Frequently asked questions
Do community style nest boxes really work?
Yes they do! This best nest box has proven to be successful for farmers and backyard chicken keepers for over a decade. In the traditional divided nests, chickens often try to crowd each other out. Many commercial egg operations use community style boxes.
How should I mount the box?
Place or mount at a height so both you and the birds have easy access to the box. The box can be fastened to a wall or used free standing on a stable level surface. The boxes can also be double stacked when mounted to a wall. An eye ring is attached at the top corners of the box for mounting. This box works well in indoor poultry operations or outdoors in pastured poultry operations.
How many chickens are recommended per box?
The medium box accommodates up to 20 chickens. The large box accommodates up to 45 chickens. For farmers with larger flocks, the number of birds per box can be increased. Farmers with large flocks allow between 50 and 60 birds per box.
How to Get Chickens to Use a Nesting Box?
These are some tips that may help get your chickens more familiar with your nest box. Make sure your nest box is tucked away in a darker and quiet area of your chicken coop. Keeping the area secure and safe for your hens will help them use the nest box quicker since they lay their eggs in areas that they deem is not threatening to them. Not only should the areas feel safe for your hens, they should feel comfortable as well. Recreating the setting of the hens' older housing can also make them adapt quicker.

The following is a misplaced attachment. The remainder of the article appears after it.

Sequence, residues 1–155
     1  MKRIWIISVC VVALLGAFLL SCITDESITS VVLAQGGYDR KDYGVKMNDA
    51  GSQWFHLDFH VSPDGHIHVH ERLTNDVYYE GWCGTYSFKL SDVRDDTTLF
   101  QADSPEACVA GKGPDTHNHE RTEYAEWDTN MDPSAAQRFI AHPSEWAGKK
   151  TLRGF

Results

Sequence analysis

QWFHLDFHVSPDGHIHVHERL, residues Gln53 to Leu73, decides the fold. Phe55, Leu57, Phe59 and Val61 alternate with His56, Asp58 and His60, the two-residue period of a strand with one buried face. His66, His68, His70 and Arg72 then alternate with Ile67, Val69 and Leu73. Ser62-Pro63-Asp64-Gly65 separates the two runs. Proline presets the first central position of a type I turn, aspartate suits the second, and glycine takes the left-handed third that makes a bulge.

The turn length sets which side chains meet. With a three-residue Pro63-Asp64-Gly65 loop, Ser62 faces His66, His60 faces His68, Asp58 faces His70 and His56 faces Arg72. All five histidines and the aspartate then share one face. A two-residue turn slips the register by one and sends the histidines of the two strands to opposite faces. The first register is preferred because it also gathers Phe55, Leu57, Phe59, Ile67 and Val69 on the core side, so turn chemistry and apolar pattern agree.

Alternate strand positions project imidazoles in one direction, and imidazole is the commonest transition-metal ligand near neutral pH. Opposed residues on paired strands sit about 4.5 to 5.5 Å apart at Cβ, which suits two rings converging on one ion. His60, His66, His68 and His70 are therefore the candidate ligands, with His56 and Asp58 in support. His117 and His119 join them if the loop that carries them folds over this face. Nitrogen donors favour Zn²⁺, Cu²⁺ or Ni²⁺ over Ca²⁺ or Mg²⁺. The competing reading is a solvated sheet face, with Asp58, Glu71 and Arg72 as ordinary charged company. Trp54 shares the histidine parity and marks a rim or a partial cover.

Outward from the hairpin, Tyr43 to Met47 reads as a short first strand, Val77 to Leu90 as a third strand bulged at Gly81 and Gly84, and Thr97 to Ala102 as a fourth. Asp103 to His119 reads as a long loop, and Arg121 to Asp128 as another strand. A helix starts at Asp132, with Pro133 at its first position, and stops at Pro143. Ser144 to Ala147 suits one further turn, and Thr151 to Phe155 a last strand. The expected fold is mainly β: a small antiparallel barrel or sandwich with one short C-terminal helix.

Keep your hens in their coop for most of the morning as that's when most of egg laying occurs. By doing this, you will be able to get the best odds that your hen will lay eggs in their nest boxes rather than somewhere outside. You can also help train them with fake eggs, golf balls, or other similar objects that will help demonstrate that the nest box is the best area to lay their eggs.
Once the chickens become more comfortable with their nesting box, you can enjoy collecting clean, unbroken eggs.
What if the hens don't lay in the nesting box?
Getting hens to lay in their nest box can be an issue no matter what style of nest box you choose. If you have raised chickens for any length of time, you know they are like toddlers, always finding ways to get into trouble. Any time you ask a bird to change their laying habits, there will usually be an adjustment period. The following tips are temporary and can be discontinued after the chickens are trained to use their new nest box. These are a collection of things we and our customers have done that have worked. ("Wrong place" laying areas refer to any areas your chickens have found to lay their eggs other than their new rollaway nest box.)
- Use bedding inside the nest box.
- Remove old nesting boxes.
- Tape a front vinyl flap or flaps to the inside top of the box.
- Make the "wrong place" laying areas uncomfortable. (scraps of fence or boards)
- Scatter corn after nightfall in the "wrong place" laying area.
- Place birds you see nesting in the "wrong place" area directly into the box. (If the hen wants to jump back out, close the roost bar.)
- Add light to dark corners.
- Place "wrong place" eggs directly into the nest box to discourage other hens from laying there in the "wrong place". (Bad habits get passed onto other hens.)
- Place a piece of the hens old laying nest box set up inside the new box.
- Use cardboard inside the new box to create a small divided section.
- Totally close off "wrong place" laying areas.
- Place a hay bale in front of the nest box or make a ramp up to the roost bar.
- Lower the box or place directly onto the floor.
- Place fake eggs into the nesting area of the nest box.
Install hot wire 3" up from the floor around the coop perimeter. (For farmers with large flocks)